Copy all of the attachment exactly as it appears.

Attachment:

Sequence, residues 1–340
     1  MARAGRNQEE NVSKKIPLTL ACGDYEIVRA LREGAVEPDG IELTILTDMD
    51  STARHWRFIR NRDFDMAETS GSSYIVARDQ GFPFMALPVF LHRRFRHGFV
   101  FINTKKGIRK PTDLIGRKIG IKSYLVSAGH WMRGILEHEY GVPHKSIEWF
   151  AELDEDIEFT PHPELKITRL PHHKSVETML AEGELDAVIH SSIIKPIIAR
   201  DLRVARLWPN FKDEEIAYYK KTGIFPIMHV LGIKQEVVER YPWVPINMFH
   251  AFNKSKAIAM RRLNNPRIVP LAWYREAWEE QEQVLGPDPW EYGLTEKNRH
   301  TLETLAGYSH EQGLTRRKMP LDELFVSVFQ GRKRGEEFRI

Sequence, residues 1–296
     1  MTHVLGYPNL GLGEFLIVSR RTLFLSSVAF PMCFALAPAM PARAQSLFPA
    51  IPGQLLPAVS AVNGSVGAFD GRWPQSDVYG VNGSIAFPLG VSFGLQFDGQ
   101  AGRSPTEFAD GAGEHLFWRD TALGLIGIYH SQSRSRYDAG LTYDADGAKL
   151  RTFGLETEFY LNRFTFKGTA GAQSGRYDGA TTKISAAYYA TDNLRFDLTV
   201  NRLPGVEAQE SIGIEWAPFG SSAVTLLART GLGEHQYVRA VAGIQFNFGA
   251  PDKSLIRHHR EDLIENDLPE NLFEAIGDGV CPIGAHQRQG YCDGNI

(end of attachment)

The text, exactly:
Sequence, residues 1–340
     1  MARAGRNQEE NVSKKIPLTL ACGDYEIVRA LREGAVEPDG IELTILTDMD
    51  STARHWRFIR NRDFDMAETS GSSYIVARDQ GFPFMALPVF LHRRFRHGFV
   101  FINTKKGIRK PTDLIGRKIG IKSYLVSAGH WMRGILEHEY GVPHKSIEWF
   151  AELDEDIEFT PHPELKITRL PHHKSVETML AEGELDAVIH SSIIKPIIAR
   201  DLRVARLWPN FKDEEIAYYK KTGIFPIMHV LGIKQEVVER YPWVPINMFH
   251  AFNKSKAIAM RRLNNPRIVP LAWYREAWEE QEQVLGPDPW EYGLTEKNRH
   301  TLETLAGYSH EQGLTRRKMP LDELFVSVFQ GRKRGEEFRI

Sequence, residues 1–296
     1  MTHVLGYPNL GLGEFLIVSR RTLFLSSVAF PMCFALAPAM PARAQSLFPA
    51  IPGQLLPAVS AVNGSVGAFD GRWPQSDVYG VNGSIAFPLG VSFGLQFDGQ
   101  AGRSPTEFAD GAGEHLFWRD TALGLIGIYH SQSRSRYDAG LTYDADGAKL
   151  RTFGLETEFY LNRFTFKGTA GAQSGRYDGA TTKISAAYYA TDNLRFDLTV
   201  NRLPGVEAQE SIGIEWAPFG SSAVTLLART GLGEHQYVRA VAGIQFNFGA
   251  PDKSLIRHHR EDLIENDLPE NLFEAIGDGV CPIGAHQRQG YCDGNI